Leo Bretholz, a Holocaust survivor who became a major voice in the campaign to gain reparations from companies that transported victims to concentration camps during
Bretholz played a leading role in a campaign to require SNCF, the French railway system that historians have said conveyed 76,000 people to Nazi camps, to pay reparations to U.S. Holocaust survivors.
He sought to block Keolis, an American subsidiary of the French company, from winning a $6-billion contract from the state of Maryland to operate a planned light-rail system. He had been scheduled to testify on the issue before a Maryland legislative committee this week.
"He was the heart and soul of the effort and one of the most remarkable forces in life that I have ever known," said Washington attorney Rafi Prober, who had been working on the SNCF case with Bretholz for six years. "Leo was thoughtful, smart, compassionate, funny and tenacious when it came to seeking justice for him and the other survivors."
The son of Max Bretholz, a tailor and a Yiddish actor, and Dora Fischman Bretholz, a seamstress, Leo Bretholz was born March 6, 1921, and raised in Vienna.
Finally, Bretholz was arrested and was taken to the Drancy-Le Bourget, France, holding camp.
"In the camp at Drancy, a few days before my selection for deportation, I witnessed the killing of a just-born infant, whom the guard had thrown into the air aiming at it as if it were a clay pigeon," Bretholz wrote in a 1982 article in the Baltimore Evening Sun.
"The hysterical mother, forcibly restrained by two other guards, witnessing that bestial game, threw herself at the killer (having managed to tear herself away from the guards) and she, too, was killed on the spot," he wrote.
He and 999 other Jews were loaded into cattle cars on Nov. 6, 1942 — 50 per car with a single hole in the floor for sanitation — aboard Transport 42, which was to take them to Auschwitz and certain death.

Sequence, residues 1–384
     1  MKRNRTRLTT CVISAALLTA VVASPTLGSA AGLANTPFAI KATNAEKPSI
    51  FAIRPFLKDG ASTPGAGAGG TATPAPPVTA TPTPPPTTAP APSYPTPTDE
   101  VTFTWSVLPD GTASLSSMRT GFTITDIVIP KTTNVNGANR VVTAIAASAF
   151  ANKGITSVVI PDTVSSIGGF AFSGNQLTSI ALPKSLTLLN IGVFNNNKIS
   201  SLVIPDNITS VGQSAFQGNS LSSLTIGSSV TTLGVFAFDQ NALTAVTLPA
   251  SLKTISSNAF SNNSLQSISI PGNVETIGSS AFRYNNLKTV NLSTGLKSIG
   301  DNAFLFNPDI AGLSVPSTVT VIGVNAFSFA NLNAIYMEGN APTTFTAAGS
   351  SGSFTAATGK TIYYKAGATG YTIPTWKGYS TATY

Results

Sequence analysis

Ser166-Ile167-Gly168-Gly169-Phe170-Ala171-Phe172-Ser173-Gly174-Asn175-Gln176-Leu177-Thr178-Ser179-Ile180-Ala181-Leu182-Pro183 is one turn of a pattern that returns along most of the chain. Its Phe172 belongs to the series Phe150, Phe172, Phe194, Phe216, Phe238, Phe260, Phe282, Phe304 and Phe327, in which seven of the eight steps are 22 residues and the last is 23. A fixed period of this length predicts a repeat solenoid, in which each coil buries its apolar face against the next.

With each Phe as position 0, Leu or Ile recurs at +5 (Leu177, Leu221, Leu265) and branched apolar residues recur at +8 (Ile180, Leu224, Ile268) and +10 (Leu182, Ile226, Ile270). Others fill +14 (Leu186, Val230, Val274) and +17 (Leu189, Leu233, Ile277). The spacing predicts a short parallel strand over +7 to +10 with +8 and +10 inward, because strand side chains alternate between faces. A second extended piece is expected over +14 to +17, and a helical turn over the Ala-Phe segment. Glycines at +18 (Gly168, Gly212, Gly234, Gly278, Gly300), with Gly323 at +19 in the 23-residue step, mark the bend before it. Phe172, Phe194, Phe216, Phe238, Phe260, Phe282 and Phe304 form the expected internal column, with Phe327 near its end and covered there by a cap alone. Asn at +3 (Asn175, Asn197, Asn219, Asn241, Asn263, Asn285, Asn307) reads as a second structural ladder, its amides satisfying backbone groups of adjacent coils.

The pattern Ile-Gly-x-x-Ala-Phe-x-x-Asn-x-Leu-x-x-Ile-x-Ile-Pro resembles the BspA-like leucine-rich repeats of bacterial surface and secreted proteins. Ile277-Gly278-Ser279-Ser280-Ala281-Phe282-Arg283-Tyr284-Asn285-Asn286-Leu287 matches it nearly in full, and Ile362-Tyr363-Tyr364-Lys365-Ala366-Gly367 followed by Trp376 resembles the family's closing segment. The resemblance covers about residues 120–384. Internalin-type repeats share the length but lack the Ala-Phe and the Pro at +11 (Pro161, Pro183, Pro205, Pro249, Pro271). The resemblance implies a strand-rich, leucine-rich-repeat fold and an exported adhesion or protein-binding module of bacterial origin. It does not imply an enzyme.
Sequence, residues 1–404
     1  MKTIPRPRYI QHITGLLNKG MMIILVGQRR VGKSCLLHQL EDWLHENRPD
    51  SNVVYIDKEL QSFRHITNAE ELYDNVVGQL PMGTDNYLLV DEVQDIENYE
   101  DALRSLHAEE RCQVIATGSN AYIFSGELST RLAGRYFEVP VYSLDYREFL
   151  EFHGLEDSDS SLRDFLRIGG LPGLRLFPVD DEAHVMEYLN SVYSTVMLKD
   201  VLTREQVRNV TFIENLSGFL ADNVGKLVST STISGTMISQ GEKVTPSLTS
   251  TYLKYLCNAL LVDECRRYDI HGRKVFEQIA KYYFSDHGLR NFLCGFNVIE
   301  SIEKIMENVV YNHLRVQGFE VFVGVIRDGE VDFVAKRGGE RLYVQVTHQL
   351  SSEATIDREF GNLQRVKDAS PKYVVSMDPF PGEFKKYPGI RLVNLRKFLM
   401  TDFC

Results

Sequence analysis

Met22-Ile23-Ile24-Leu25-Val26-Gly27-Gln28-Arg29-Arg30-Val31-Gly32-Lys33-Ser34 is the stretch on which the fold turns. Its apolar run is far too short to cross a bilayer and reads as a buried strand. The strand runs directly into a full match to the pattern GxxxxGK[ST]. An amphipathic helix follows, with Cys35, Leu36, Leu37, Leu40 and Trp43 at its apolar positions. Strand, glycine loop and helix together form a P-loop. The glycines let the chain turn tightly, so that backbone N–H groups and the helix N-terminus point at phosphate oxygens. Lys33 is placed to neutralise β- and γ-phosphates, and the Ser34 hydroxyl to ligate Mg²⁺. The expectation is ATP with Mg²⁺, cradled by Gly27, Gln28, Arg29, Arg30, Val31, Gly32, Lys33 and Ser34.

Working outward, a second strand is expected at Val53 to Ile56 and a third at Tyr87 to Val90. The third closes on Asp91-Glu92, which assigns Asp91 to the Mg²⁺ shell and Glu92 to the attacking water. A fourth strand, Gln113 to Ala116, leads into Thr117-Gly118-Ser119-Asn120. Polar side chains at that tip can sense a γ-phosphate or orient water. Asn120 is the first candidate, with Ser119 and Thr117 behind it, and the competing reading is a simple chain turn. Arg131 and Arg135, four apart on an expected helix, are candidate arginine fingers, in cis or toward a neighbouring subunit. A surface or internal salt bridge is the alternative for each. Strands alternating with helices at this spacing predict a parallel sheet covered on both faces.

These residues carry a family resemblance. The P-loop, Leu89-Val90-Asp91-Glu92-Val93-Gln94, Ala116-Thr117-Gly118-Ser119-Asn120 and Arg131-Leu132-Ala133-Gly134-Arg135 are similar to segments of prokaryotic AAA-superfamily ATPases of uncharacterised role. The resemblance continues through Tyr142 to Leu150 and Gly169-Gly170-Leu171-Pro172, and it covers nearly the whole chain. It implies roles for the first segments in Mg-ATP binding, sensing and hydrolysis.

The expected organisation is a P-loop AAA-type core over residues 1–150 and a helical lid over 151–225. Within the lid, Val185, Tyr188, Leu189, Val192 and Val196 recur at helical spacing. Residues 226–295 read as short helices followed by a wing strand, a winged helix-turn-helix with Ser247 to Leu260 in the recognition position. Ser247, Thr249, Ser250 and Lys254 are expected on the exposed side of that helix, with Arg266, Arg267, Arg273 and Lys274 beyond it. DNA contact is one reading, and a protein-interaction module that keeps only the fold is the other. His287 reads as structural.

In the middle of the night, Bretholz and another young man, Manfred Silberwasser, escaped through a rectangular opening after they finally succeeded in bending two parallel bars. As the train slowed and rounded a curve, the men slipped through the window, and upon hitting the ground, tore off the yellow star with the word "Juif," French for "Jew," that had been sewn to their coats.
Of those on the transport, 773 were gassed on arrival or died en route, while 145 men and 82 women were selected for forced labor. Only four men from Transport 42 managed to survive Auschwitz.
Bretholz later joined the resistance group Compagnons de France.
He moved in 1947 to Baltimore, where an uncle and aunt lived. It wasn't until 1962 that he learned his mother and two sisters had perished at Auschwitz. His father died before World War II.
Through the years Bretholz worked in sales and managed bookstores, retiring in 1997.
He often visited schools to tell students his story so that the history of the Holocaust would not be forgotten. He continued to speak at schools until shortly before he died.
Bretholz chronicled his escape from the transport in his book "Leap Into Darkness: Seven Years on the Run in Wartime Europe," which he wrote with former Baltimore Sun columnist Michael Olesker in 1998.
Bretholz is survived by a son, two daughters and four grandchildren. His wife of 57 years, the former Flo Cohen, died in 2009.
Rasmussen writes for the Baltimore Sun.